6.2/10
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57 user 27 critic

Under Capricorn (1949)

Approved | | Crime, Drama, Romance | 8 October 1949 (USA)
A young gentleman goes to Australia where he reunites with his now married childhood sweetheart, only to find out she has become an alcoholic and harbors dark secrets.

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Writers:

(play), (play) | 3 more credits »
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Cast

Cast overview, first billed only:
...
...
...
...
...
Denis O'Dea ...
Mr. Corrigan
Jack Watling ...
Winter
...
The Coachman
John Ruddock ...
Mr. Potter
Bill Shine ...
Mr. Banks
Victor Lucas ...
The Rev. Smiley
...
Mr. Riggs
Francis De Wolff ...
Major Wilkins (as Francis de Wolff)
G.H. Mulcaster ...
Dr. Macallister
Olive Sloane ...
Sal
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Storyline

In 1831, Irishman Charles Adare travels to Australia to start a new life with the help of his cousin who has just been appointed governor. When he arrives he meets powerful landowner and ex-convict Sam Flusky, who wants to do a business deal with him. Whilst attending a dinner party at Flusky's house, Charles meets Flusky's wife Henrietta who he had known as a child back in Ireland. Henrietta is an alcoholic and seems to be on the verge of madness. Written by Col Needham <col@imdb.com>

Plot Summary | Plot Synopsis

Taglines:

Out Of Her Curtained Past...Came A Man Past All Forgetting! See more »

Genres:

Crime | Drama | Romance

Certificate:

Approved | See all certifications »
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Details

Country:

Language:

Release Date:

8 October 1949 (USA)  »

Also Known As:

Sklavin des Herzens  »

Company Credits

Production Co:

 »
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Technical Specs

Runtime:

Sound Mix:

(Western Electric Recording)

Color:

(Technicolor)

Aspect Ratio:

1.37 : 1
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Did You Know?

Trivia

This was Alfred Hitchcock's third film in a row that failed at box office. His previous box office failures were The Paradine Case (1947) and Rope (1948). His next film Stage Fright (1950) was also a box office failure. See more »

Goofs

At one point in the film, a character says that employees to be fired should be given their "pink slips." The film takes place in 1830s Australia. An article in the New York Times dates the earliest use of the term "pink slip" to 1910. See more »

Quotes

[first lines]
Narrator: In seventeen-hundred and seventy, Captain Cook discovered Australia. Sixty years later, the city of Sydney, the capital of New South Wales, had grown on the edge of three million square miles of unknown land. The colony exported raw materials. It imported material even more raw - prisoners, many of them unjustly convicted, who were to be shaped into the pioneers of a great dominion. In eighteen-hundred and thirty-one King William the Fourth sent a new governor to rule the colony. ...
See more »

Crazy Credits

Opening credits roll up over a map of Australia. See more »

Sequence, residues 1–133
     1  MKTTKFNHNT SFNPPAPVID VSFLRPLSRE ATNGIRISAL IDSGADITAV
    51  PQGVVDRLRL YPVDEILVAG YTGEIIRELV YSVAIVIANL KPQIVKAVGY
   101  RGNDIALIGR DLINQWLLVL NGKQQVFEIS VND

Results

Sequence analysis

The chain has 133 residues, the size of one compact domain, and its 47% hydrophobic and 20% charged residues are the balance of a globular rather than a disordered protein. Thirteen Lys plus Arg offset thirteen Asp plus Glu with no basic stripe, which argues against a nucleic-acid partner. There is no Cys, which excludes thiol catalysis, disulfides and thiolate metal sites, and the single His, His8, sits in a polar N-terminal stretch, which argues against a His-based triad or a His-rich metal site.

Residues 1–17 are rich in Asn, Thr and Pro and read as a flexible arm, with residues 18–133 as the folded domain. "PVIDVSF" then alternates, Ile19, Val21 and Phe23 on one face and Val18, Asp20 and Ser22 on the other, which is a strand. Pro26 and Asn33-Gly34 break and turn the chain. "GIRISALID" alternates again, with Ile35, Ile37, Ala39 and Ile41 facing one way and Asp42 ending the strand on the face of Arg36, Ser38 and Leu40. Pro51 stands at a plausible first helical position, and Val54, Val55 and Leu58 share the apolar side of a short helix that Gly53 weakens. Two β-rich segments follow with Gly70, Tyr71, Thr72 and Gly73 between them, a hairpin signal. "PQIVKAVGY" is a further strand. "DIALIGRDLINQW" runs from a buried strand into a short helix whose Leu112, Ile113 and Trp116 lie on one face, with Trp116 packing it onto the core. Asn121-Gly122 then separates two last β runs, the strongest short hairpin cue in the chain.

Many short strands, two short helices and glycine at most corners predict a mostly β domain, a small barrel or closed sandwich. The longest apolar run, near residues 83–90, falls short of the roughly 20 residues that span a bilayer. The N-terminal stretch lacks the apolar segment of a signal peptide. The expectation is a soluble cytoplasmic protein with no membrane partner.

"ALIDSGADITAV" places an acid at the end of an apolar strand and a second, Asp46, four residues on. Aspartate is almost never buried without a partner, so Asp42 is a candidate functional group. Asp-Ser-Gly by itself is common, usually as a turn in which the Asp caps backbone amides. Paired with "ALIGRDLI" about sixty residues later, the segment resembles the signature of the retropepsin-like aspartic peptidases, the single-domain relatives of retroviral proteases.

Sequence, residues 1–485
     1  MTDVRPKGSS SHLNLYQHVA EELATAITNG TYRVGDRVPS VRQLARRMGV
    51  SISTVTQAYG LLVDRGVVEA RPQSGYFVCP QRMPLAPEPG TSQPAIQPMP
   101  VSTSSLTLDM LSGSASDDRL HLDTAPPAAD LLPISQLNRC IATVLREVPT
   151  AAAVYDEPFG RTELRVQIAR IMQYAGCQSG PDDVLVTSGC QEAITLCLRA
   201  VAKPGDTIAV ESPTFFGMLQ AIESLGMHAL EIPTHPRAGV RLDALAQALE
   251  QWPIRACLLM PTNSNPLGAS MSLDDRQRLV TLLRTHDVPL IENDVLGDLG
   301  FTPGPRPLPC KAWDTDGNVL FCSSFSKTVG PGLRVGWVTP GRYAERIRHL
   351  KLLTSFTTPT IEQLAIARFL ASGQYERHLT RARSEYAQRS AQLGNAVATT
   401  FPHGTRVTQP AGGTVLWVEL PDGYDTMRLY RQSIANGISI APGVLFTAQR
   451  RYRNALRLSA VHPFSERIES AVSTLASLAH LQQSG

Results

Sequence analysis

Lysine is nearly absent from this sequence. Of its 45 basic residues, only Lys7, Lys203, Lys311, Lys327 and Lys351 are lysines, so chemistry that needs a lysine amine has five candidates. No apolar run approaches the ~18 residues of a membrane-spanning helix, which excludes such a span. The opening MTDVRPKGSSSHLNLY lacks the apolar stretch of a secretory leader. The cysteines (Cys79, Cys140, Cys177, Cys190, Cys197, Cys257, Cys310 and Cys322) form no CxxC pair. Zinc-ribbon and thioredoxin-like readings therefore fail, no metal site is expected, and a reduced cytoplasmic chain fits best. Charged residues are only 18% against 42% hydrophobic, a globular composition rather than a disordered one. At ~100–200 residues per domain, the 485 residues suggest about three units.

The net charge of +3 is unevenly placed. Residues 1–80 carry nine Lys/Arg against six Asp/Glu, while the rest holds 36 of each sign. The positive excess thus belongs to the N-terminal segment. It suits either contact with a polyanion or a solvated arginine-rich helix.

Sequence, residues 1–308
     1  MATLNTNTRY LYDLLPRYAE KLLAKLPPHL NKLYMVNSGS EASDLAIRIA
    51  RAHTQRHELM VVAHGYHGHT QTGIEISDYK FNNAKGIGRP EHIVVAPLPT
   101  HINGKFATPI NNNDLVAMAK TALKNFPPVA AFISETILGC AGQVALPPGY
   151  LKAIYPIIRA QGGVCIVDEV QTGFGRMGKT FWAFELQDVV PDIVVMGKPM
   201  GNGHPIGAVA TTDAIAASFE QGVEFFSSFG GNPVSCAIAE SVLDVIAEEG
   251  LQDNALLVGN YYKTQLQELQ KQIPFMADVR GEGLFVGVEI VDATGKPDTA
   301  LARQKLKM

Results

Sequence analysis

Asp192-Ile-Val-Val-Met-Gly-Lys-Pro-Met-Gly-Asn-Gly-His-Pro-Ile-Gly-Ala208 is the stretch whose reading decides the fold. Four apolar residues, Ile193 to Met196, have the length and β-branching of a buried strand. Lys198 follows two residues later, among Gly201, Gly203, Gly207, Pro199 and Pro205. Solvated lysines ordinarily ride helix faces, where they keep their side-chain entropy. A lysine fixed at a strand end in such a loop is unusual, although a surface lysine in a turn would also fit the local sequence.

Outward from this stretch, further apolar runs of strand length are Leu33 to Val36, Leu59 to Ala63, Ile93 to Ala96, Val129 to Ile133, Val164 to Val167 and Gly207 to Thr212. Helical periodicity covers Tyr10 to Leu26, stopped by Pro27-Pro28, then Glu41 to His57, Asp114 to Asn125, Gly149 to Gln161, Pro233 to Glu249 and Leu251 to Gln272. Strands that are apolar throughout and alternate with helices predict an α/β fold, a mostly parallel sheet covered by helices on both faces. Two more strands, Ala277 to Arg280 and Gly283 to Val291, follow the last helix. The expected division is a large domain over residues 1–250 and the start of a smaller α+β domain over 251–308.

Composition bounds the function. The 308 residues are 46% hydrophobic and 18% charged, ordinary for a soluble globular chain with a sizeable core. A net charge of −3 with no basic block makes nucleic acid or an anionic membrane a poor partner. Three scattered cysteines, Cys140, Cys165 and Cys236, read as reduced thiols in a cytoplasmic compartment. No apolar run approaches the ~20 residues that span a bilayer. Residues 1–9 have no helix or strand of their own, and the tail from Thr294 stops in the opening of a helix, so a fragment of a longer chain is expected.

Connections

Edited into Histoire(s) du cinéma: Fatale beauté (1994) See more »

Frequently Asked Questions

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User Reviews

Hitchcock's least interesting film. Not surprising that it was a massive flop.
12 September 2004 | by (Todmorden, England) – See all my reviews

Transatlantic Pictures (Hitchcock's own production company) must've rubbed their hands with glee when they decided to co-produce this film with Warner Bros. For not only did they have the world's leading female actress (Ingrid Bergman) in their film, they also had gifted stars Joseph Cotten, Michael Wilding and Margaret Leighton lending support, and naturally the great Alfred Hitchcock at the helm. If ever a film was sure to be a critical and commercial hit, Under Capricorn was it. Such a shame, then, that Under Capricorn emerged as the worst film of Hitchcock's career. The critics roasted it, the public ignored it, and Transatlantic Pictures went bust.

Irish aristocratic lady Henrietta (Bergman) elopes to Australia with her cruel lover Sam Flusky (Cotten). She gradually develops the illness dipsomania, what with her lover controlling her every move with over-bearing authority and their maid Milly (Leighton) plying her with drink. A childhood friend of Henrietta's, Charles Adare (Wilding) turns up and, realising pretty quickly that all is not well, tries to help her regain a sense of stability.

The film is a laughably overwrought costume melodrama, totally ill-suited to Hitchcock's playful, suspenseful directing style. A year previously, the director had made the thriller Rope, using experimental ten minute takes, and in this film he still seems to be in the habit of allowing scenes to go on and on (maybe not ten minutes, but some bits last for six or seven minutes without a single cut). Frequently, the film feels tediously unspooled as a result. The actors seem to over-act much of the time, but it's hard to see how they could've avoided this as much of the screenplay requires them to handle some horribly overripe dialogue and reactions. Under Capricorn is undoubtedly the least interesting film that Hitchcock ever made. Those who try to persuade us that it is a misunderstood masterpiece are, I'm sorry to report, well and truly kidding themselves.


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